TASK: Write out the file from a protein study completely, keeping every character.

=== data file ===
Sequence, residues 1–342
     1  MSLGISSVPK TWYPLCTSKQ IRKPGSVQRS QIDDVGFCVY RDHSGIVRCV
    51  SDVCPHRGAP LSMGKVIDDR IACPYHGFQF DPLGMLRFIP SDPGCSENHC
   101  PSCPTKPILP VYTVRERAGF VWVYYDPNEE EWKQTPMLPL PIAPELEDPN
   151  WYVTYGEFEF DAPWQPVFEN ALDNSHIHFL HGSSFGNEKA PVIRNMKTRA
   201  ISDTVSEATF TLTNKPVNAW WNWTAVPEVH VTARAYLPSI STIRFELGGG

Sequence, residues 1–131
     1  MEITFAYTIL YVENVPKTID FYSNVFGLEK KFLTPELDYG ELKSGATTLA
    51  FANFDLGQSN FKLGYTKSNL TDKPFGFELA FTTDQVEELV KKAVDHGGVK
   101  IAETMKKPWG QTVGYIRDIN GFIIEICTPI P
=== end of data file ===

Sequence, residues 1–342
     1  MSLGISSVPK TWYPLCTSKQ IRKPGSVQRS QIDDVGFCVY RDHSGIVRCV
    51  SDVCPHRGAP LSMGKVIDDR IACPYHGFQF DPLGMLRFIP SDPGCSENHC
   101  PSCPTKPILP VYTVRERAGF VWVYYDPNEE EWKQTPMLPL PIAPELEDPN
   151  WYVTYGEFEF DAPWQPVFEN ALDNSHIHFL HGSSFGNEKA PVIRNMKTRA
   201  ISDTVSEATF TLTNKPVNAW WNWTAVPEVH VTARAYLPSI STIRFELGGG

Sequence, residues 1–131
     1  MEITFAYTIL YVENVPKTID FYSNVFGLEK KFLTPELDYG ELKSGATTLA
    51  FANFDLGQSN FKLGYTKSNL TDKPFGFELA FTTDQVEELV KKAVDHGGVK
   101  IAETMKKPWG QTVGYIRDIN GFIIEICTPI P